Written by Prof Elizabeth Peel (APVC Doctoral College)
The Doctoral College Strategy talks about the 3 Vs – Vitality, Visibility and Value. In line with valuing everyone involved with our doctoral research students we ran a short consultative survey November to December 2019 to gauge opinion about potentially moving towards electronic thesis submission at the University. Thank you to everyone who took the time to share with us your thoughts on this topic. In this blog post I feedback on the online survey results.
Who took part? Doctoral researchers (42%, n=181), academic colleagues (54%, n=232) including those who had not yet supervised, those who’d successfully supervised over 10 PhD students and those in senior management and/or leadership roles and professional services colleagues (2%, n=9) were the majority of the 431 respondents who completed the ‘sustainable theses’ survey. Demographic information was not required but all Schools were represented, as were a range of ethnicities, ages, sexualities, (dis)abilities and genders.
What we found? Overall, 69% (n=297) of the sample were broadly in agreement with the University moving to electronic submission of theses as the norm, whilst 25% (n=110) were not in agreement and 6% (n=24) chose the mid-point between ‘completely’ agree and ‘not at all’ agree. Half of the doctoral researcher respondents (n=183) ‘completely’ agreed with electronic submission compared to 35% (n=237) of academic respondents ‘completely’ agreeing. The majority (78%) of the small number of professional services respondent were ‘completely’ in agreement.
Of the academics in the sample a large minority (35%, n=82) reported personal experience of examining a thesis provided in electronic copy. Feedback based on direct experience was largely positive. For example, “It makes passing on feedback much easier” (Ac), and “Easier to search through the thesis. Can still make comments and highlight electronically. Can print off sections/whole thesis if you need to” (Ac). There were a number of comments on the portability of an electronic thesis versus not liking “carrying a heavy thesis I can’t fit in my bag” (Ac).
There were reservations to reading theses on screen raised on Equality, Diversity and Inclusion (EDI) grounds, namely ‘migraines’, ‘eye strain’ and ‘ageism’, but benefits were also highlighted for those with visual impairments who could use specialist software with electronic documents. Personal preference for hard copy (whether on logistical or disciplinary grounds) was evident in some comments from academic respondents.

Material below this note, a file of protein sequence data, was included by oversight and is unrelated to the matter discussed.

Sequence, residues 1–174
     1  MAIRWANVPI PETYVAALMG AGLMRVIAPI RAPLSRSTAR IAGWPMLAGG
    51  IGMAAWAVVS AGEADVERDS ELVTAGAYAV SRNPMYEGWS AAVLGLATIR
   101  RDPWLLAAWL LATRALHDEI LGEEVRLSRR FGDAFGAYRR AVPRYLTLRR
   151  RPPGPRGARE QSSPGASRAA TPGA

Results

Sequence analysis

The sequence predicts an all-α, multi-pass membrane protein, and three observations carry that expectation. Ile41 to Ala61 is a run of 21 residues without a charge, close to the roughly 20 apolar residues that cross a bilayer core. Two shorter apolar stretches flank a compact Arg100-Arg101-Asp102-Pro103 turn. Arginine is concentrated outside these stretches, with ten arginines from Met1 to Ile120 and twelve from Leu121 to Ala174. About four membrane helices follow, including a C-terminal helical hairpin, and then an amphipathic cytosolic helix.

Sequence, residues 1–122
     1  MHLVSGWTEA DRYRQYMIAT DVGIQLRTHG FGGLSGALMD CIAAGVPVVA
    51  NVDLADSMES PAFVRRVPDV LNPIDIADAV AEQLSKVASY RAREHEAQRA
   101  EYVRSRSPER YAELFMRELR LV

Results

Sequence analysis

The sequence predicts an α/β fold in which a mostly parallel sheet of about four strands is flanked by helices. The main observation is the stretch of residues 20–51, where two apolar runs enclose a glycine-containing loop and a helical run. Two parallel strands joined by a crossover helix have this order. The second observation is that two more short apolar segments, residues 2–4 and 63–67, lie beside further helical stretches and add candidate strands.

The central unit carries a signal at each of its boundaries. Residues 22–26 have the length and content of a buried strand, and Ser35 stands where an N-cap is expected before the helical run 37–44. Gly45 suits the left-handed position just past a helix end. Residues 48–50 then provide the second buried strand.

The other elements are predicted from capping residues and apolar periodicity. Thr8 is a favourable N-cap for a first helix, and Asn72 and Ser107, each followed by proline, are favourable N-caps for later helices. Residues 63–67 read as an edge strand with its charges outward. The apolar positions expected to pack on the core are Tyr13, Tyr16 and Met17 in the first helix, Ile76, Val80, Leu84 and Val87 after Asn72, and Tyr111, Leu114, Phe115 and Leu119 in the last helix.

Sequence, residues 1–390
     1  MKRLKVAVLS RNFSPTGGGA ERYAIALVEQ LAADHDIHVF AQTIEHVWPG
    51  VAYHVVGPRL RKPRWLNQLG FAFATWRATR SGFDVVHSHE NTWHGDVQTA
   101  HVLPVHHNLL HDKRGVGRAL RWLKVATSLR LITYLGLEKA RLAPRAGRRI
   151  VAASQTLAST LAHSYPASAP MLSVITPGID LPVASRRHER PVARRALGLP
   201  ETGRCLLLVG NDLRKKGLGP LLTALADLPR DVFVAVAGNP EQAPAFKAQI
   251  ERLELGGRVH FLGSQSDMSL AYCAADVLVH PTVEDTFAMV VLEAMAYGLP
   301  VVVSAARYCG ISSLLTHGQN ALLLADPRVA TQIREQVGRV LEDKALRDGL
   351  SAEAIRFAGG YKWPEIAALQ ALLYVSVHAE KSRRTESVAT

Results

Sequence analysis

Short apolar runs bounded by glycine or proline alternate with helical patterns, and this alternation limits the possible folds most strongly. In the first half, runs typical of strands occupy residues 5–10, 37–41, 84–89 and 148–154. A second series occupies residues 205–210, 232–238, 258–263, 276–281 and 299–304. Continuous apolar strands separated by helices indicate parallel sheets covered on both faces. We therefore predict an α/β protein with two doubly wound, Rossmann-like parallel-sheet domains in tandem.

There were numerous broadly positive comments from academics, including:
“As long as there is some flexibility for those who prefer to read full printed copies I think it is fine. I don’t think it benefits us to be overly inflexible when external examiners are giving up their time without a great deal of compensation” (Ac);
“It enables routine and consistent similarity checking, and it enables submission to take place remotely – which is surely necessary in this day and age” (Ac); and
“I think this should be implemented as soon as possible” (Ac).
Doctoral researcher respondents largely emphasized that “the positives of paperless outweigh the negatives” (DR). The convenience of electronic submission from both Loughborough campus, London campus, part-time, distance, and international doctoral researchers was evident in comments:
“a cheaper, simpler, more environmentally friendly way of submitting a thesis. […] a beneficial alternative for those who cannot easily access campus due to a variety of reasons” (DR).
The main reason for retaining hard copy submission, which was raised across all respondent groups, was the potential to “devalue” (Ac) the “symbolic milestone” (DR) of thesis submission as a “rite of passage” (PS). This was typified by comments such as:
“Given that the current process of thesis submission is pretty underwhelming, I think moving to electronic would make it even worse (although I understand it for sustainability reasons). […] If electronic submissions are the way forward, I’d only be on board if something is organised to make submissions more official and festive. After all, a thesis is 3 years+ of hard work” (DR) and,
“There is something intrinsically satisfying about submitting a bound copy of 3-4 years’ worth of work and I think it would take something away from the PhD experience if online submission became the norm” (Ac).
What next? The submission of a doctoral thesis is a momentous achievement – an end as well as the start of a new beginning (subject to the viva voce examination). We are now working to understand how electronic thesis submission might work in practice, and also how the rite of passage of thesis submission can be given more value and visibility at the University. Watch this space!